'Dear Skanky Teenage Girls: Stop enticing my sons.'

Kimberly Hall and one of her sons, from her blog




That’s pretty much the sentiment expressed in an open letter sent by Kimberly Hall, Director of Women’s Ministry at a Presbyterian Church in Texas to the female friends of her teen sons.

The letter is currently going viral and not only because it was – bafflingly – accompanied by fun family photos of Hall’s teenage sons. Half-naked. In their cossies at the beach.

The open letter – which you can read in full here – goes like this:

Dear girls,

I have some information that might interest you. Last night, as we sometimes do, our family sat around the dining-room table and looked through your social media photos.

We have teenage sons, and so naturally there are quite a few pictures of you lovely ladies to wade through. Wow – you sure took a bunch of selfies in your pajamas this summer!  Your bedrooms are so cute! Our eight-year-old daughter brought this to our attention, because with three older brothers who have rooms that smell like stinky cheese, she notices girly details like that.

‘I think the boys notice other things.’

I think the boys notice other things. For one, it appears that you are not wearing a bra.

I get it – you’re in your room, so you’re heading to bed, right? But then I can’t help but notice the red carpet pose, the extra-arched back, and the sultry pout.  What’s up? None of these positions is one I naturally assume before sleep, this I know.

So, here’s the bit that I think is important for you to realize.  If you are friends with a Hall boy on Facebook or Instagram or Twitter, then you are friends with the whole Hall family.

Please understand this, also: we genuinely like keeping up with you. We enjoy seeing life through your unique and colorful lens – which is what makes your latest self-portrait so extremely unfortunate.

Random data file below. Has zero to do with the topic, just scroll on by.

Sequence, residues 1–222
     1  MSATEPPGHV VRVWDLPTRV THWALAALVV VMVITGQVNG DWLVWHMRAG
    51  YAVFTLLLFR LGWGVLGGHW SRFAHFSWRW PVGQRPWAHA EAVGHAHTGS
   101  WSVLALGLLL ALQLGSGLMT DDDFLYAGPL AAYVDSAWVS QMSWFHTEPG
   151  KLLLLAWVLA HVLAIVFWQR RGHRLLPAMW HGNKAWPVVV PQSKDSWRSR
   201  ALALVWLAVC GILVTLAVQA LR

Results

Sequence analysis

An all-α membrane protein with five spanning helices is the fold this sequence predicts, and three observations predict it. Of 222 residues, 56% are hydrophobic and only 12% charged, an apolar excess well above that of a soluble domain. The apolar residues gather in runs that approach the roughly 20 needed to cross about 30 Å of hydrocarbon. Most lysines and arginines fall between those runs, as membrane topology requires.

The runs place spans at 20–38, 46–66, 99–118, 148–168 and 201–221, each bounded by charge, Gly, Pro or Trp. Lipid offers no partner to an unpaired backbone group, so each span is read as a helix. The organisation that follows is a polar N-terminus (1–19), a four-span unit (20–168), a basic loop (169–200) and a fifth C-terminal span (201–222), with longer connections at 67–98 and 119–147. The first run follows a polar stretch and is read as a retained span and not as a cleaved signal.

Those posts don’t reflect who you are! We think you are lovely and interesting, and usually very smart. But, we had to cringe and wonder what you were trying to do? Who are you trying to reach? What are you trying to say?

The Hall family at the beach, from Kimberly Hall’s blog rom her blog

And now – big bummer – we have to block your posts. Because, the reason we have these (sometimes awkward) family conversations around the table is that we care about our sons, just as we know your parents care about you.

I know your family would not be thrilled at the thought of my teenage boys seeing you only in your towel. Did you know that once a male sees you in a state of undress, he can’t ever un-see it?  You don’t want the Hall boys to only think of you in this sexual way, do you?

Neither do we.

And so, in our house, there are no second chances, ladies. If you want to stay friendly with the Hall men, you’ll have to keep your clothes on, and your posts decent.  If you try to post a sexy selfie, or an inappropriate YouTube video – even once – you’ll be booted off our on-line island.

I know that sounds harsh and old-school, but that’s just the way it is under this roof for a while. We hope to raise men with a strong moral compass, and men of integrity don’t linger over pictures of scantily clad high-school girls.

“If you think you’ve made an online mistake…”

Every day I pray for the women my boys will love.  I hope they will be drawn to real beauties, the kind of women who will leave them better people in the end. I also pray that my sons will be worthy of this kind of woman, that they will be patient – and act honourably – while they wait for her.